A Virtual Hike Across the Great Wall of China
By: Casey Hopkins
The world was put at an unprecedented standstill due to the Coronavirus in the beginning of this year. Country borders, amusement parks, restaurants, beaches, and popular tourist attractions were all closed. As places slowly begin to open now around the world, people continue to be wary of traveling. There are fears of a potential second wave of the virus, so people urge each other to continue to social distance, stay home and stay healthy.
In times like this, it is easy to be upset, especially for those wanderlust adventurers. There is no doubt that it is difficult to stay home during these times. However, it’s important to look at the bright side of things. We currently live in a world surrounded by incredible technology. In fact, we are literally living through the Digital Age. Put the situation into a different perspective. How else can you see the world right now? By traveling virtually. Sit back on your couch, take your shoes off and don’t worry about waiting in long lines with busy crowds while taking a virtual tour of one of the previously named seven wonders of the world: The Great Wall of China.
Extending across more than 13,000 miles on the border between Northern China and Southern Mongolia, the Great Wall of China was constructed with the intended purpose of protecting the Chinese Empire from the invading Mongols. Most historians believe that construction on the Great Wall of China began in the 7th century BC under the leadership of the Zhou Dynasty and ended in the 16th Century under the leadership of the Qing Dynasty.
With each dynasty came both additions and restorations to the Great Wall, culminating in a series of walls. These walls total nearly 13,000 miles and range from 15 to 30 feet high. Through a labor intensive process, workers (soldiers, peasants, and rebels) used materials (stone, soil, sand, and brick) to construct these extensive structures. In fact, it is believed that over 400,000 people died while constructing the wall--with many of them being said to be buried within the walls.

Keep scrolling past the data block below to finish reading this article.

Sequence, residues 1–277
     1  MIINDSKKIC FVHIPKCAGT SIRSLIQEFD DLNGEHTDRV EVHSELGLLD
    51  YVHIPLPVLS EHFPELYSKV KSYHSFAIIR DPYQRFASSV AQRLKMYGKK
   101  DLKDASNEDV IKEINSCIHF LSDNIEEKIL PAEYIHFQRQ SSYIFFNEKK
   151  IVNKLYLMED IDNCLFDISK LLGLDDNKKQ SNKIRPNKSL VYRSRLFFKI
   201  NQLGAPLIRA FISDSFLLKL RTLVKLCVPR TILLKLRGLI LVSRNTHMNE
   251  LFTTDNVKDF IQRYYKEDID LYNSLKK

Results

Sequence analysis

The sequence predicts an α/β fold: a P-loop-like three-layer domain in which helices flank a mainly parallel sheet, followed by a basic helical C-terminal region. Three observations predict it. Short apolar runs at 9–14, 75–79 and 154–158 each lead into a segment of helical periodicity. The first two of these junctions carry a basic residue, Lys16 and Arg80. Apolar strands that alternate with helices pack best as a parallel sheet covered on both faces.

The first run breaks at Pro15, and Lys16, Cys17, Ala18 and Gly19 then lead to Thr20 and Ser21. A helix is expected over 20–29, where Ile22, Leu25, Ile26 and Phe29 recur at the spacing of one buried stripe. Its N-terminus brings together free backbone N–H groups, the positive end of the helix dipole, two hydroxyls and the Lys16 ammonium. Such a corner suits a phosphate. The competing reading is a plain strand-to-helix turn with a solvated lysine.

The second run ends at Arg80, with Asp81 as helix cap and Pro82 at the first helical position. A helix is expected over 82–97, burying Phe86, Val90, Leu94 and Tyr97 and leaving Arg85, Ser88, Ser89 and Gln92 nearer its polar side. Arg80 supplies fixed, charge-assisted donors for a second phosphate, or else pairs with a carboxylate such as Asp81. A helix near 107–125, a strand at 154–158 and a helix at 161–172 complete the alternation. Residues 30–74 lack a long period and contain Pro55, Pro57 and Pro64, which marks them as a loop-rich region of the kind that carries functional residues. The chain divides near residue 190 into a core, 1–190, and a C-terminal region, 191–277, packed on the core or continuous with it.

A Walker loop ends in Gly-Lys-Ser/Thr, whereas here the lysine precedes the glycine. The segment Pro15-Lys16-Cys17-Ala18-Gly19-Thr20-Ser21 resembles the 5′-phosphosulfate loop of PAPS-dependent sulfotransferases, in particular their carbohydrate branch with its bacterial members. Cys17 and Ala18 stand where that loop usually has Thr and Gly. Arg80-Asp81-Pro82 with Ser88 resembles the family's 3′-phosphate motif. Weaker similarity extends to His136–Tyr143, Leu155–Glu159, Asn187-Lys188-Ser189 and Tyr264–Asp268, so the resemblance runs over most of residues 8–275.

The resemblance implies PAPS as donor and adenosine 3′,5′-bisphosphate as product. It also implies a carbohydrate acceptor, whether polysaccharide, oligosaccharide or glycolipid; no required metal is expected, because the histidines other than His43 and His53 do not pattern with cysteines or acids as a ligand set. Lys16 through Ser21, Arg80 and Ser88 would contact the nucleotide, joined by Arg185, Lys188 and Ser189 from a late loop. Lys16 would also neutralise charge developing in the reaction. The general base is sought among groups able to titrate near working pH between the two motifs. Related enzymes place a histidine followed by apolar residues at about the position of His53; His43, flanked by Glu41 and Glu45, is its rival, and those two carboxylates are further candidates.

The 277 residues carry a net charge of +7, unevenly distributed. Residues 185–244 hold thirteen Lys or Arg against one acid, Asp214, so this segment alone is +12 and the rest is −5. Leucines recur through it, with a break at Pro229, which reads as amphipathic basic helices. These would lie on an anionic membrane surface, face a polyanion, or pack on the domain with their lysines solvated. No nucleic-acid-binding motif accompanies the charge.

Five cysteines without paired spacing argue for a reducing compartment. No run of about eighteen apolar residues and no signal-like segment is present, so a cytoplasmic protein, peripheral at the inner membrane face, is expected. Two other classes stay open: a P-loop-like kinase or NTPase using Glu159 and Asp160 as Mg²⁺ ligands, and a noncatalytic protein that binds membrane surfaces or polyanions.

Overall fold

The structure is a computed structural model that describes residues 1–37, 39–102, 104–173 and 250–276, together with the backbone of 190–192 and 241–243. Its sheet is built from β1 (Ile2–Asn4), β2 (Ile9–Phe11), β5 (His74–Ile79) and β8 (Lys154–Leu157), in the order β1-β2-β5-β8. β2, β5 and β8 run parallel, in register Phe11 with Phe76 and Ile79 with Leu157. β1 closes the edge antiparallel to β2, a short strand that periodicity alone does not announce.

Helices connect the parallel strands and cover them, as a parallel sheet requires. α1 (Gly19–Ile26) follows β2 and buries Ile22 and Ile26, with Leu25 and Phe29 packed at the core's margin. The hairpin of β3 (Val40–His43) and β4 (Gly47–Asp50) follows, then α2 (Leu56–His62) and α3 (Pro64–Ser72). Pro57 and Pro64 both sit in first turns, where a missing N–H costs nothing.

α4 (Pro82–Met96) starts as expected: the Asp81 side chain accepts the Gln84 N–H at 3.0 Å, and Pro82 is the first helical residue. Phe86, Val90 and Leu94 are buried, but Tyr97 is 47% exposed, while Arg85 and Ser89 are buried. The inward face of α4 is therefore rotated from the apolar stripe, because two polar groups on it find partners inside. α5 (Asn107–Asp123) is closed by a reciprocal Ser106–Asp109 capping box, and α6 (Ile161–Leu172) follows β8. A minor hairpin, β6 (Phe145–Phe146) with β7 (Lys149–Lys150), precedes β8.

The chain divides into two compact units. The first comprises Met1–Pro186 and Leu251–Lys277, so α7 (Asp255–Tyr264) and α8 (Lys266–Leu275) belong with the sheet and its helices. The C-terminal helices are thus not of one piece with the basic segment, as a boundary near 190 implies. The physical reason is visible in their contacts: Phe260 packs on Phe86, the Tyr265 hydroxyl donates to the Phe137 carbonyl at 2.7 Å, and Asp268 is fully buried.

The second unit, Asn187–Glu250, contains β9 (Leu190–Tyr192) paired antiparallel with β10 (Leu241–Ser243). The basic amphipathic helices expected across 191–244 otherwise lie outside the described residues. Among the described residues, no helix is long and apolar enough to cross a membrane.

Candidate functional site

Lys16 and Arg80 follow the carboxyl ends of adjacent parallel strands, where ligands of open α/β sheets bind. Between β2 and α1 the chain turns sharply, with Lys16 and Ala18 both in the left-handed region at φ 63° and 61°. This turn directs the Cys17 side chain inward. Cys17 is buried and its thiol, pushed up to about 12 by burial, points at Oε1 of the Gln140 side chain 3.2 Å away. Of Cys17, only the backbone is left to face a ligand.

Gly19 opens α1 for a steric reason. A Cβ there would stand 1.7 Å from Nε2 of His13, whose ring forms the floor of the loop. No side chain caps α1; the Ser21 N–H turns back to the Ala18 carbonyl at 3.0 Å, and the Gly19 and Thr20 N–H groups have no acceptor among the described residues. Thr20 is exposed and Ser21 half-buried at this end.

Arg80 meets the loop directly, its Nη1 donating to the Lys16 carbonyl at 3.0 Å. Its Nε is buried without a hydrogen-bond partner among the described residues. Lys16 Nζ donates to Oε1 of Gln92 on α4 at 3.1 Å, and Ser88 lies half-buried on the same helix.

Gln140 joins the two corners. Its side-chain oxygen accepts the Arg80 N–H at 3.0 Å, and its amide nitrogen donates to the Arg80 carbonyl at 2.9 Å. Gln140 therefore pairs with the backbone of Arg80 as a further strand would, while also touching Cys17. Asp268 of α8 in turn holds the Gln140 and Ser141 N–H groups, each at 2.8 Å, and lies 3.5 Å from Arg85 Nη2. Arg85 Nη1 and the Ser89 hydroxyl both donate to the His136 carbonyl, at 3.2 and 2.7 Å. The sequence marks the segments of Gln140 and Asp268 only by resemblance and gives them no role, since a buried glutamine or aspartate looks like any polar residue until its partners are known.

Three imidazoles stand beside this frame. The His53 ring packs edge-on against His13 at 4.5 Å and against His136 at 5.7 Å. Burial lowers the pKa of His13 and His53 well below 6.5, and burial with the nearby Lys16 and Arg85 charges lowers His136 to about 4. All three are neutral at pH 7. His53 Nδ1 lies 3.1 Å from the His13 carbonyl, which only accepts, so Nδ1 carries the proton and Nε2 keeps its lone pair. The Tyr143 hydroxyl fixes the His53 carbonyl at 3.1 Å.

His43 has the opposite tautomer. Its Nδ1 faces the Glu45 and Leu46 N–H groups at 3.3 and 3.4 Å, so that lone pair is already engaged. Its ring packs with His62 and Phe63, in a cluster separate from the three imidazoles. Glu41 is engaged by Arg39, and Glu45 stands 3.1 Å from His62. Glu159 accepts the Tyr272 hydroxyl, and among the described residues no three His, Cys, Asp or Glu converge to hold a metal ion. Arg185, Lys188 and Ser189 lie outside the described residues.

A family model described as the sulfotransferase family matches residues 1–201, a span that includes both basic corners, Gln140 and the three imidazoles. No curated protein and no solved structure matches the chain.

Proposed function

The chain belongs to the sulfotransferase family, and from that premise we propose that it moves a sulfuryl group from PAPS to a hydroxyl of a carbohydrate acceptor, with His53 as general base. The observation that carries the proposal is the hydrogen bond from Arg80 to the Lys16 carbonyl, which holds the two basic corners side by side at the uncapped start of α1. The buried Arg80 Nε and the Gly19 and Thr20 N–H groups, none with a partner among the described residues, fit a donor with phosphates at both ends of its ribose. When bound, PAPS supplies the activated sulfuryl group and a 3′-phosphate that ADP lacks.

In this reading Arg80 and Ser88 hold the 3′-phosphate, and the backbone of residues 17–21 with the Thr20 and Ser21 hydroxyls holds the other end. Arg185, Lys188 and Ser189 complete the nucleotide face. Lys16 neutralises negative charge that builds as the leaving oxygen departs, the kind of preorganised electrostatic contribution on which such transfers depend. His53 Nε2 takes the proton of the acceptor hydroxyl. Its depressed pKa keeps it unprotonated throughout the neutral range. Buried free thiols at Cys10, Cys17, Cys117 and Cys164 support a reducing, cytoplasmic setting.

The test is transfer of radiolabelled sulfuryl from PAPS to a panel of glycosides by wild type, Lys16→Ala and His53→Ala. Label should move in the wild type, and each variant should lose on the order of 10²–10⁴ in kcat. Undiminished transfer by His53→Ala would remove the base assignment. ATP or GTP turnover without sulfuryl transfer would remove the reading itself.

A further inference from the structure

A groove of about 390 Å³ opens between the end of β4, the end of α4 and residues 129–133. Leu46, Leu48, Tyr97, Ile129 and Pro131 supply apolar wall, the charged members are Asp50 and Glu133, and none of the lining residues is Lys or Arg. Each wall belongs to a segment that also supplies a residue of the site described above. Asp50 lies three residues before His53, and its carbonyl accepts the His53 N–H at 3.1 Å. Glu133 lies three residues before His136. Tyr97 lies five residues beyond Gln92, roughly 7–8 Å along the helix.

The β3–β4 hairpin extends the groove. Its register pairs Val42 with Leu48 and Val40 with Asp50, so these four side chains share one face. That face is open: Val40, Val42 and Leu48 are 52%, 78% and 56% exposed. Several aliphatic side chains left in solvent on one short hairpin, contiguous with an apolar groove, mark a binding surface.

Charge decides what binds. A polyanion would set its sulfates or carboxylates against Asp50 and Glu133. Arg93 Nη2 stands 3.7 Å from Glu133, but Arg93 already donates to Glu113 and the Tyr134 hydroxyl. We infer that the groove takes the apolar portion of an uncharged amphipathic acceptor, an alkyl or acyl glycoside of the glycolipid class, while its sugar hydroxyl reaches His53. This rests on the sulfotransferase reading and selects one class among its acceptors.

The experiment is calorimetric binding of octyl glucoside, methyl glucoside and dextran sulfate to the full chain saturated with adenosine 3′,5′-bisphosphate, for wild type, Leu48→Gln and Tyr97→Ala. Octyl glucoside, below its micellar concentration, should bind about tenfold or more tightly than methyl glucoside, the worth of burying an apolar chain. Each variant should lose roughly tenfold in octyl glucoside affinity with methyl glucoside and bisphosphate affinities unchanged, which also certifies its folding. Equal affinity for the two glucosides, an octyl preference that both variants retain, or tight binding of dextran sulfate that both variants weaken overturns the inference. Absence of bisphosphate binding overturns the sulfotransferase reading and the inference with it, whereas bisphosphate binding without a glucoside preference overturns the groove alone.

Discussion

Currently, because of natural erosion and human touch, over thirty percent of the Great Wall has been destroyed. Therefore, it is important for visitors to not litter, damage the walls, or take home any mementos. Luckily, we aren’t capable of harming the Great Wall virtually!
Thankfully, museums and culture centers are making sure everyone stuck in their homes due to COVID-19 doesn't have to stop enjoying the world. The China Guide offers a truly incredible and captivating experience for virtual hikers that costs only $5.
Along this virtual hike, travelers can explore the 6.5 mile portion of the wall from Jinshanling to Simatai. This area is very well known, as it features impressively well-preserved sections with outstanding views from the wall.
Take the time to slowly click the arrow button as if you're walking along the wall in real life. Use the arrow buttons to turn your view and zoom buttons to gaze at the beautiful mountains, or even just zoom into the wall to get a closer view of the detail of construction.
Along the wall, you will encounter quite a few watchtowers. It was the Han Dynasty in fact that focused so heavily on the construction of the watchtowers, as they believed they were crucial for transmitting signals before a battle. The number of total watchtowers reaches about 25,000 and the distance between each one differs. Additionally, the shape of the towers vary from being square and rectangle, but they are mostly built using brick.
The soldiers would use these watchtowers to spot enemy movements, using a puff of smoke in the daytime and a lit fire at night to alert the other soldiers. This was often called “wolf smoke,” as they used dried wolf dung. This smoke was known for its ability to not disperse in the wind, making it a great source to transmit messages quickly.